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Porkies Kindle Edition
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As a result we are treated to a believable and compelling plot which reflects the ongoing challenges the UK and the West face. It is particularly good on the ambivalence between the competing elements of HMG, MI6, MI5, and the FCO in dealing with each other and their common problems, as well as the carryover and resolution of some of those tensions through Harry Baxter, the central character's relations with the Israeli, French, American, and Pakistani intelligence agencies and establishments.
Porkies is compelling follow up on Bennett's first volume, Pigs, and provides the details of the finale of the plot developed in it which offsets the frustration that the prelude left with his readers as a bomb ratcheted toward Parliament in a sewer pipe with minutes until detonation! The two tomes together provide a compelling insight into the details and difficulties in dealing with international terrorism in the 21st century in a fast moving, well written, and thoroughly accurate way. Together they deserve to be republished and given greater publicity than they have thus far received.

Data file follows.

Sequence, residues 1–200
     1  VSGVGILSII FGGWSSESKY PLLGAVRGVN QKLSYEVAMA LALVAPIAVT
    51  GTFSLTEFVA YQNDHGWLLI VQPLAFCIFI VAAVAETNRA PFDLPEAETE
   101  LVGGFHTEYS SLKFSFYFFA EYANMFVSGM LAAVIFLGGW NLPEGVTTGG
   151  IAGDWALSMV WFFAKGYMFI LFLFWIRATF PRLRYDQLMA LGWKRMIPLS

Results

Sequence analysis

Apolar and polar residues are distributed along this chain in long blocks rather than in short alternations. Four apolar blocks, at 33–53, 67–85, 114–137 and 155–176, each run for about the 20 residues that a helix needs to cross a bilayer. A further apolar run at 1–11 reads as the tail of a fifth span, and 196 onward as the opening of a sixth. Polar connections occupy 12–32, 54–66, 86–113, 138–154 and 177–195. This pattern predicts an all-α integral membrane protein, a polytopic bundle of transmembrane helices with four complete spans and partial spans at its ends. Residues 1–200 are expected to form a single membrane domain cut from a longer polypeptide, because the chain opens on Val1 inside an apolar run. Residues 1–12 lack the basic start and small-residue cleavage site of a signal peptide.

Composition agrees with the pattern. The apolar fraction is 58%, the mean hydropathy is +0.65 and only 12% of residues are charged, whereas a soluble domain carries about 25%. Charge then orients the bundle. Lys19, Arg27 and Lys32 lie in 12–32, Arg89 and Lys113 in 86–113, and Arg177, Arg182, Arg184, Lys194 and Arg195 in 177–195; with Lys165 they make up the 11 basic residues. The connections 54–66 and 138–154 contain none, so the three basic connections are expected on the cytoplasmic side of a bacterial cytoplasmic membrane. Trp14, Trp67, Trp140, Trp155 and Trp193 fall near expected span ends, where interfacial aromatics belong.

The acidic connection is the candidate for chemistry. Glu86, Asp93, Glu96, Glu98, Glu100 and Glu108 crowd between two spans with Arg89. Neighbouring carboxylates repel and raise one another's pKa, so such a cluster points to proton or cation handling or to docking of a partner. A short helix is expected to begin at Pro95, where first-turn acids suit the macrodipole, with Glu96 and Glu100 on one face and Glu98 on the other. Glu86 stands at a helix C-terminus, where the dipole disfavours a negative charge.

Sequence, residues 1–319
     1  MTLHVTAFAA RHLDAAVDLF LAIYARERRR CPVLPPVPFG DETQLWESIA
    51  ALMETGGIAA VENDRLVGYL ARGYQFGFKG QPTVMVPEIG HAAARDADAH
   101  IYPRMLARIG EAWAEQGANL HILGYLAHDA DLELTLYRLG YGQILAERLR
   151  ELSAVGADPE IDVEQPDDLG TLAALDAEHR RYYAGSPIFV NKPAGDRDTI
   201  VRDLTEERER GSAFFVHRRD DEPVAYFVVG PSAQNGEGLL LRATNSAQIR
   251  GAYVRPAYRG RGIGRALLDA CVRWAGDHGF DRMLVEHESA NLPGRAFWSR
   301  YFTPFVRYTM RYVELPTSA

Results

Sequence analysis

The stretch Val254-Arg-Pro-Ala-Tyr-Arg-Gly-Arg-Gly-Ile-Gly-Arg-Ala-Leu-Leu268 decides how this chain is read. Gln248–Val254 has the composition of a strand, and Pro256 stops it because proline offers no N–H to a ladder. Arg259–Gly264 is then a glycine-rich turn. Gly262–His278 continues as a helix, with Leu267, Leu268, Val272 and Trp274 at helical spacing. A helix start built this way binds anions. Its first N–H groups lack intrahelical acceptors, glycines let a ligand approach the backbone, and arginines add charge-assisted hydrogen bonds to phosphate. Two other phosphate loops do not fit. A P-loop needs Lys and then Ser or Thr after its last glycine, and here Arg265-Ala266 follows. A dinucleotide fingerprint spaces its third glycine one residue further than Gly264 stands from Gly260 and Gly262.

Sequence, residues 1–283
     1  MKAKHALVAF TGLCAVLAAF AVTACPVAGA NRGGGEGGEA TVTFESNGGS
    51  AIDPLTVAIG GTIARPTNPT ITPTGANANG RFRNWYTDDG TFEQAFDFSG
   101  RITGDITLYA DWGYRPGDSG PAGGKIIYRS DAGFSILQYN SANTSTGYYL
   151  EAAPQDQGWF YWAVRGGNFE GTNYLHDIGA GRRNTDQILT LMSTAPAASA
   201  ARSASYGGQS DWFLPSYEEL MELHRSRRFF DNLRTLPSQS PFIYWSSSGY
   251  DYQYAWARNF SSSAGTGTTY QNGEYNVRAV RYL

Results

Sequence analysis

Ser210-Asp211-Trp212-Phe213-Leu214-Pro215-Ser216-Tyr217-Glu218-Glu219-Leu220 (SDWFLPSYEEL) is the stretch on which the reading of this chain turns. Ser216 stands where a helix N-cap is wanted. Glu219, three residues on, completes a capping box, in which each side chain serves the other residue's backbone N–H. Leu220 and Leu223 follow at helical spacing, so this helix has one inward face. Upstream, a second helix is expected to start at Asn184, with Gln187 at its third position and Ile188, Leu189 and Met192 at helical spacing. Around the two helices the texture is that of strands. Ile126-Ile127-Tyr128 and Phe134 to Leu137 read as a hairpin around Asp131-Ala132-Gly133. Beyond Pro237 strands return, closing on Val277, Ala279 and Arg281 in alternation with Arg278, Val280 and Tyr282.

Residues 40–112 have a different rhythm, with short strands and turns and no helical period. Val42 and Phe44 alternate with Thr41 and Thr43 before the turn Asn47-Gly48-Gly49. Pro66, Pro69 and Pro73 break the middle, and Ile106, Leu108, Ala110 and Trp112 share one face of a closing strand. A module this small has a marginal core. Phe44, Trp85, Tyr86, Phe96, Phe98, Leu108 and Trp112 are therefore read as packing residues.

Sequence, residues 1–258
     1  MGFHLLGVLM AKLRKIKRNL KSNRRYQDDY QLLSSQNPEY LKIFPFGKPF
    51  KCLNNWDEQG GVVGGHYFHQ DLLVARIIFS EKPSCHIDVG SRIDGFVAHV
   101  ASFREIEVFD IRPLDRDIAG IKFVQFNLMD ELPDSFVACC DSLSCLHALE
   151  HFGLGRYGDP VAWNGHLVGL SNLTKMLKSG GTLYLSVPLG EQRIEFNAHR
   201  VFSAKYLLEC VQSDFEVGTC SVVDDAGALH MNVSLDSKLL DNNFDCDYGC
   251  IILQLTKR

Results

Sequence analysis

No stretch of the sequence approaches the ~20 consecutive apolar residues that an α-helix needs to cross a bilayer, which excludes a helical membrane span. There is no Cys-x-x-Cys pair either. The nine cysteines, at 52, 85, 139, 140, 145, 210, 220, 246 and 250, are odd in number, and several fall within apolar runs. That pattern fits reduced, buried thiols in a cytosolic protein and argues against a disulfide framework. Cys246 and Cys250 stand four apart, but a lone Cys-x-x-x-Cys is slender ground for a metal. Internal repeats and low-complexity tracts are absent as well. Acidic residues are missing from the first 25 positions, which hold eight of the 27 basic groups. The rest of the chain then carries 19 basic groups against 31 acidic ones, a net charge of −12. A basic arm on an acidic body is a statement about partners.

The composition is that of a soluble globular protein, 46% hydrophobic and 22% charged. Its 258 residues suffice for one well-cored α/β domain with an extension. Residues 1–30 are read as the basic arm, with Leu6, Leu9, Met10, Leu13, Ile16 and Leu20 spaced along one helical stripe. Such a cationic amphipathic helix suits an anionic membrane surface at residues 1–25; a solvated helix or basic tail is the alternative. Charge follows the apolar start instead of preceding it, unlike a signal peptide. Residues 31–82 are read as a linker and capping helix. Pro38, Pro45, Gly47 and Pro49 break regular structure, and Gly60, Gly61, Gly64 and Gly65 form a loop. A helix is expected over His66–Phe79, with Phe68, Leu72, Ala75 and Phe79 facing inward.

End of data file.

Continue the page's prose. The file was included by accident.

And for those of us who have come to follow Harry Baxter and his cohorts the way we followed Patrick O'brian and Alexander Kent's 18th century naval stories, they will be happy to hear than a third volume is in process.
The series could be said to be a latter day James Bond endeavor, but Harry Baxter has not yet acquired the flashy veneer that Ian Fleming's character acquired over the years, and Bennett does not try to invest Baxter with Bond's sense of sophistication and superiority. This is better than John Le Carre as Harry Baxter's cynicism is portrayed much more lightly than George Smiley's: The Cold War is over and a very different generation and institutional development is required to deal with the evolving but greater challenges. Perhaps Harry Baxter will become the 21st century James Bond!